Aug 25, 2016 | By Andre

For the greater part of the last century, manufacturing has catered to a one size fits all approach. Henry Ford once proudly proclaimed during the early Model T assembly line days that “you can have any color as long as it's black.” And while its true that cars have been easily available in different colors since then, customization has remained limited (from a straight from the factory angle at least).

3D printing and related technologies have been pushing the boundaries when it comes to the hyper customization of production but still remains limited in the scope of applicable uses. This in mind, it is good to know that while 3D printing technology tries to catch up to its more established, one size fits all approach to manufacturing, there are other sectors giving customization a shot in the mean time.

Yamaha, a company that manufactures everything from pianos to speakers to synths, but is possibly most famous for their lineup of motorcycles, has released an app that lets you customize your dream bike all you want. Called My Garage, the app lets you accessorize officially sanctioned motorcycle models in high resolution 3D graphics.

And while you might be wondering what’s different from this app and every Motor cross game that’s ever been released since 3D gaming became a thing, the answer lies with what you can ultimately do with your creation in the Yamaha App.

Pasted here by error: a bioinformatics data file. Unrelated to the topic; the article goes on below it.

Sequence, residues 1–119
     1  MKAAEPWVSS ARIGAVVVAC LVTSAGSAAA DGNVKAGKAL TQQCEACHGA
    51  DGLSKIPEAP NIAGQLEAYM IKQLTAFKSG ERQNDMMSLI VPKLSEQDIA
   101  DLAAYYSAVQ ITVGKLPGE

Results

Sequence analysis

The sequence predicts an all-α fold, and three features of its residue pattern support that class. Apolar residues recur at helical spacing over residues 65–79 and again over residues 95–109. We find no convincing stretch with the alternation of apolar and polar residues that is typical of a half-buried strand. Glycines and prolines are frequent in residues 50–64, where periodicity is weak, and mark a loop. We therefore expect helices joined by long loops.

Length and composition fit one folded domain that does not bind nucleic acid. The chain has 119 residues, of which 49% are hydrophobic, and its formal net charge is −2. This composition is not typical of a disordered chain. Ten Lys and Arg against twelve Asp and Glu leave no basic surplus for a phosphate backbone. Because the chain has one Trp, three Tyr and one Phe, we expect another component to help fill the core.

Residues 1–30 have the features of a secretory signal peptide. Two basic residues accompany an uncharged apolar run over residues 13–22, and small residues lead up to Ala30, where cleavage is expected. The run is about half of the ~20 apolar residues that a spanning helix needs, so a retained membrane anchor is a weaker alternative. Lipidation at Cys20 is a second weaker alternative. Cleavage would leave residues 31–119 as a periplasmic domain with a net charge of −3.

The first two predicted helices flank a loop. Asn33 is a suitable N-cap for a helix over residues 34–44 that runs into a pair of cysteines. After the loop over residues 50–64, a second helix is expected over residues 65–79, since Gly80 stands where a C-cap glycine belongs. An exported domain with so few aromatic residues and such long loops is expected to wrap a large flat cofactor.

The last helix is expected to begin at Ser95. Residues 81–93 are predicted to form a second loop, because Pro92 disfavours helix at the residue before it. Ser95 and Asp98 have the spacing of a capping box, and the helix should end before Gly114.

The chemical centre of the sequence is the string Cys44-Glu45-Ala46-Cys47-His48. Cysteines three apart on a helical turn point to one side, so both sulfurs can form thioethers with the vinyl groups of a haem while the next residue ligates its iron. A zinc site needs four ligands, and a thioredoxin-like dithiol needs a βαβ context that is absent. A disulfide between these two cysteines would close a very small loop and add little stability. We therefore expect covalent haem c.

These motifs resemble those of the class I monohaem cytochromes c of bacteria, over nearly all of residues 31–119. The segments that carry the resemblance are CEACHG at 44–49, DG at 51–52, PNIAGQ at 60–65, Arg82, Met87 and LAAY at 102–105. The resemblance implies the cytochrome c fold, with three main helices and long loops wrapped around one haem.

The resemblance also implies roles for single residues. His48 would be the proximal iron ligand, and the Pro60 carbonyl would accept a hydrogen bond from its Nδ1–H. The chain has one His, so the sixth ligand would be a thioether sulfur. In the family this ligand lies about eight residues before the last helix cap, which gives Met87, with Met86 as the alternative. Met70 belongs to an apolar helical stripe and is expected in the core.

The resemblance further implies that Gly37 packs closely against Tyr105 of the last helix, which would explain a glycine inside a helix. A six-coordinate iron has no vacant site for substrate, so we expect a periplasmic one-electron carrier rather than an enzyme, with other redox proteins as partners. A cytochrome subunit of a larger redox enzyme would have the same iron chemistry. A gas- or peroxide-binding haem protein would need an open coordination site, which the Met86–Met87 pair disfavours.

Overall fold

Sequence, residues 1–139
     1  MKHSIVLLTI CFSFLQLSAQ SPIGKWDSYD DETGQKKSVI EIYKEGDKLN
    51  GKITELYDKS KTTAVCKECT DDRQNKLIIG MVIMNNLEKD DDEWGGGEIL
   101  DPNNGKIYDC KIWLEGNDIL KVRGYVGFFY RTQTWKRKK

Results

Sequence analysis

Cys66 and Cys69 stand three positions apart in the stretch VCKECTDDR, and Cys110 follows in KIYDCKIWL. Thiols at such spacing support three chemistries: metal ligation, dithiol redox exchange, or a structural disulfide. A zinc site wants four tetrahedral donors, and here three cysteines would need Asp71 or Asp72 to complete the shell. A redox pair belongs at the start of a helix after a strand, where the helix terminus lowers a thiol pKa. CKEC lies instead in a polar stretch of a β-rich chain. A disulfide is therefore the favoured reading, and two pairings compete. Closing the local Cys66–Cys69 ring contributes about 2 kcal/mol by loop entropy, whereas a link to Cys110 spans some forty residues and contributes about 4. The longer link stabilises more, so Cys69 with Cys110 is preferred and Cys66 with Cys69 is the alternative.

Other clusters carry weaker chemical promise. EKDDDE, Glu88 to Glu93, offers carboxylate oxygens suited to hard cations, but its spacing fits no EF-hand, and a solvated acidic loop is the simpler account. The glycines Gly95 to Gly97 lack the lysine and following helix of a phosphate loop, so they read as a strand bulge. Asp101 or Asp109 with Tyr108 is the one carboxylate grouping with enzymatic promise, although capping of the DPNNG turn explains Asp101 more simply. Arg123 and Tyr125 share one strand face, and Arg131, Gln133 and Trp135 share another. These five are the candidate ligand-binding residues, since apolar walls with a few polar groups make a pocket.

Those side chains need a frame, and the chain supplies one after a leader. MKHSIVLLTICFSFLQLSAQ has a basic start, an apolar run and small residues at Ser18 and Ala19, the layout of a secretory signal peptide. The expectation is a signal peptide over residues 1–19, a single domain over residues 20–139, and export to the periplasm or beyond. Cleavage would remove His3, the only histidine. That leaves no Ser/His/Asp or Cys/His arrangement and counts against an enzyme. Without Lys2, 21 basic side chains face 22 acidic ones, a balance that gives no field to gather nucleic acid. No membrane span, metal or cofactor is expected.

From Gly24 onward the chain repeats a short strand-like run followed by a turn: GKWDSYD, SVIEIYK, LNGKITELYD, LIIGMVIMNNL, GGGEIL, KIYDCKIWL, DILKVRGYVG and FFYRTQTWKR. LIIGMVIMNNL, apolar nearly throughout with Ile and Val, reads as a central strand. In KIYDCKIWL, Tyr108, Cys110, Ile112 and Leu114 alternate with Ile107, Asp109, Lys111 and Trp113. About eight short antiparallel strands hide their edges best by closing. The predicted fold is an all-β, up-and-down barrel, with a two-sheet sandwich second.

The custom fittings and tweaks made in the app can be sent directly to your local Yamaha dealership and, if you are in the market for a new ride, be built to spec based on your custom requirements. I imagine explaining all the changes directly at the dealership without the app would have been a tiring ordeal. The potential of this process simplifies things without a doubt.

And while there is no straight to 3D print button in the app quite yet, the fact that the digital files are built in a 3D setting suggests the possibility to at least 3D print a model sized version of your dream bike in the coming years. Don’t like those wiper blades? How about a new set, it’s that simple.

This early effort into combining the ease of customizing in the digital world with the more difficult to maneuver physical counterpart seems to be picking up steam. IKEA, for example recently launched a VR Kitchen Experience for the HTC Vive and Oculus Rift that lets you furnish your home in a virtual space (using custom floor foot print settings) before putting the order through to IKEA for the real thing.

So while 3D printing doesn’t feature too heavily in this article, the growing number of industries that promote the hyper-customization of products is growing as quickly as 3D printing technologies seem to be expanding. So hello Mr. Ford, “as long as its black” as an answer when deciding on a product that can very easily be customized exactly to your needs is no longer a suitable response. Sorry.



Posted in 3D Software



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